By Mark Thornton / Mises Wire
In a recent article I advocated for a new way of naming business cycles. The new approach emphasizes the cause rather than the effect. So instead of the “housing bubble” and “financial crisis,” we should refer to the Greenspan-Bernanke Crisis. Here we will turn our attention to the current situation.
The current economy is a puzzle for mainstream economists. Some aspects of the economy seem to be very strong, such as the stock market, real estate, social media, and internet companies. Other aspects of the economy seem to be very weak, such as economic growth, wage increases, and the number of full time “breadwinner” jobs.
One major example of this puzzle is that unemployment is very low and inflation is also very low and yet the Fed and other central bankers appear to be afraid to allow interest rates to go back to their normal levels. They appear to be afraid to make any move, for fear that the economy collapses.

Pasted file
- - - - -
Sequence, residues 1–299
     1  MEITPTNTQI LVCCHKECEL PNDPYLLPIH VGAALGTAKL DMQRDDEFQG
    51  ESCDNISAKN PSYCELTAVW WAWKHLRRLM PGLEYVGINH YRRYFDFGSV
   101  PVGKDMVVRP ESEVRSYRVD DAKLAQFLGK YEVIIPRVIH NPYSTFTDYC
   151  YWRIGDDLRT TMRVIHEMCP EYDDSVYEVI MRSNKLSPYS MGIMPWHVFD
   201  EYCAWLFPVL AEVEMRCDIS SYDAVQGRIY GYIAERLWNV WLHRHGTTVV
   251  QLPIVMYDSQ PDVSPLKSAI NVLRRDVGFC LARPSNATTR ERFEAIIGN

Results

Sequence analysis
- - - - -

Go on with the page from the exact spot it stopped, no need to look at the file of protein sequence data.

You can understand why. They sat on a housing bubble of their own making and had no idea it existed and was so massive and how entangled it was with the financial sector. At the time, they thought that everything was fine and that they could just lower interest rates if some problem appeared out of the blue. Instead, they had to bring interest rates down to zero and engaged in years of unconventional and untried monetary policies, with very little in the way of positive results. So naturally they are worried. Most are no doubt hoping for the end of their terms as central bankers to come as quickly as possible.